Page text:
But why does the serial scene evoke yawns? "Lack of professionalism," pronounces producer-director-actor-writer and noted television personality Vijay Tandon, of the national award-winning movie Kachchehri fame. "You can’t enliven the small screen with actors having full-time jobs elsewhere, or students seeking pocket money from this profession." "Unlike Mumbai, we do not have the right environment for nurturing talent," he condemns the system, adding that often payments to artistes and technicians are delayed or withheld. This discourages professionalism. But finance isn’t the only problem, says Tandon. Today, NRIs are financing Punjabi movies in a big way. Most Punjabi channels cannot be described as "regional" since they’re beamed to more than 60 countries. Money can flow into the making of serials too if the channels and the government fashion a conducive environment. "In fact, the government has ignored the Punjabi television industry for too long."
"Things are real bad," laments Bobby Ghai, an industry insider. He sees no hope for revival of serials. "Actors and directors prefer to work for Mumbai banners. Their talent doesn’t get appreciated here." "What talent?" counters Mukesh Gautam, Alpha Punjabi’s head programmer, "The region lacks good directors and actors." Amit Julka, a 24-year-old actor, chimes in, "I’ve acted in serials like Apne Begane and Chandigarh Campus. My role of a student addicted to drugs in the latter got me some recognition, but poor remuneration and uncertain future forced me to take up job with a finance company."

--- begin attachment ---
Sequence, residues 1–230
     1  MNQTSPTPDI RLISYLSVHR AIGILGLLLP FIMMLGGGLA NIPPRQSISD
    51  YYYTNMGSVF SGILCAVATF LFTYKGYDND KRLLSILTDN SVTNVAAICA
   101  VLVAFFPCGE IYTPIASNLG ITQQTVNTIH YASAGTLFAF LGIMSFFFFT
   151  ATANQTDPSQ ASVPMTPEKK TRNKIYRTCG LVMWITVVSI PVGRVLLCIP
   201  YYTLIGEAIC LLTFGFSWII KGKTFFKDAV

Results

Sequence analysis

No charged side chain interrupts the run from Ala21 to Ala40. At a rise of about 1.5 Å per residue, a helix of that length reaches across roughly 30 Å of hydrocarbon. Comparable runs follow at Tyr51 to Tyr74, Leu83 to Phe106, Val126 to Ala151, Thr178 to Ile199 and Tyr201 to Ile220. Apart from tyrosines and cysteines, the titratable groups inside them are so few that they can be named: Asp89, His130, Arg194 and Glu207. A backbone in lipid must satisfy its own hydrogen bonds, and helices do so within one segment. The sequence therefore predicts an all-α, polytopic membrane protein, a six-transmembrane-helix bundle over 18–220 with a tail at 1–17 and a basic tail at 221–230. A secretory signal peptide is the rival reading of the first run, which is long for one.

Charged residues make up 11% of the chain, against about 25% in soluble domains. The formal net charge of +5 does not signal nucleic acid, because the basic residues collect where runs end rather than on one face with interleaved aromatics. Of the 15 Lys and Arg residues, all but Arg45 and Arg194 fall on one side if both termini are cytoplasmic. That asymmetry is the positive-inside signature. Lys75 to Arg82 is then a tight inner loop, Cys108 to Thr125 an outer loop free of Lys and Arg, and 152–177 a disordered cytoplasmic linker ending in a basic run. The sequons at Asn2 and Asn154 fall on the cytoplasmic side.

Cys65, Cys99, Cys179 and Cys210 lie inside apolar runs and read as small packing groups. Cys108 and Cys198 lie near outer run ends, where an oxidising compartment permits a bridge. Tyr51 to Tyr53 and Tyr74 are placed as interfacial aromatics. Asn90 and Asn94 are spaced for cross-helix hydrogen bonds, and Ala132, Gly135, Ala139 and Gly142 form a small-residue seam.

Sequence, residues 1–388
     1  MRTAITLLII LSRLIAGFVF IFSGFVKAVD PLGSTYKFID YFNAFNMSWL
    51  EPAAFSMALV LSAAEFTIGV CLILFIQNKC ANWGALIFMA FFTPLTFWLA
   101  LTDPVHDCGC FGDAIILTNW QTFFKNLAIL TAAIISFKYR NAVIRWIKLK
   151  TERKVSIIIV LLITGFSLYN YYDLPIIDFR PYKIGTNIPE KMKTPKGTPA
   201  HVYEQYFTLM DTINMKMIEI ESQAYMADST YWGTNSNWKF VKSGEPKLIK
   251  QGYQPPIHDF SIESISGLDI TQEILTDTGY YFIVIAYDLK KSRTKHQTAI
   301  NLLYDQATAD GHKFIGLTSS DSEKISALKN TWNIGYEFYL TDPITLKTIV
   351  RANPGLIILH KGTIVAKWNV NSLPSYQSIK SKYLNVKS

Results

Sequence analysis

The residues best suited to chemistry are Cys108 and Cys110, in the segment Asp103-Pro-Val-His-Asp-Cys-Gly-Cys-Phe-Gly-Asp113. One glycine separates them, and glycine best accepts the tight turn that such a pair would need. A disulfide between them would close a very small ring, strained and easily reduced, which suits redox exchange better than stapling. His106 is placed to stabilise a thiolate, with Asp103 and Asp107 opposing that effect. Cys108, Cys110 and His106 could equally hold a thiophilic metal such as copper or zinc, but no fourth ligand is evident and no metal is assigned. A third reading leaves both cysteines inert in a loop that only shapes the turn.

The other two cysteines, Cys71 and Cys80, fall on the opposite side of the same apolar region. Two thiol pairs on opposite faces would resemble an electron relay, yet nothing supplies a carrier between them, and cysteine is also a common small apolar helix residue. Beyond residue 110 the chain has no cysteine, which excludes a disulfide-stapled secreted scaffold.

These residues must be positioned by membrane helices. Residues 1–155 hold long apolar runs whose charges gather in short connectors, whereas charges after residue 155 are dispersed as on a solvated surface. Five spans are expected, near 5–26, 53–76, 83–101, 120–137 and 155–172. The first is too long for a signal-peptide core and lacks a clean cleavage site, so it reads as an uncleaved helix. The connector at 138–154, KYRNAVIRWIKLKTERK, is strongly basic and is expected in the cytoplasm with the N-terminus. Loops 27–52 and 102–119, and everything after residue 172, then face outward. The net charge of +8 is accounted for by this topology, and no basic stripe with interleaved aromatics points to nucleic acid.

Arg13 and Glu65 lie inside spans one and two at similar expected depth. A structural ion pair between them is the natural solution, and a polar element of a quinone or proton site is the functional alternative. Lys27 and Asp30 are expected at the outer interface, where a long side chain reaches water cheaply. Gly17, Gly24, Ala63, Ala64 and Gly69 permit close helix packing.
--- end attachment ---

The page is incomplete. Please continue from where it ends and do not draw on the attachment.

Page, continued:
Ghai says that market research is not done to find out viewer preferences, often leading to bad programming. Gautam, however, emphatically denies this, "We do conduct market research. ETC and Alpha – both part of the Zee Group – are number one and two, respectively, in the region. Although the rural Punjab provides us maximum viewership, we have news and current affairs-based programmes, which are watched avidly by people living in places as far away as the UK."
When queried about the financial position of these channels, one encountered abashed silence. But it’s obvious from the quantity and quality of advertisements on various channels that Punjabi television is not exactly in the pink. Only pop shows seem to attract advertisers. "Unlike other channels, we draw top brands for advertisement," Gautam boasts, when asked about corporate patronage for television programmes.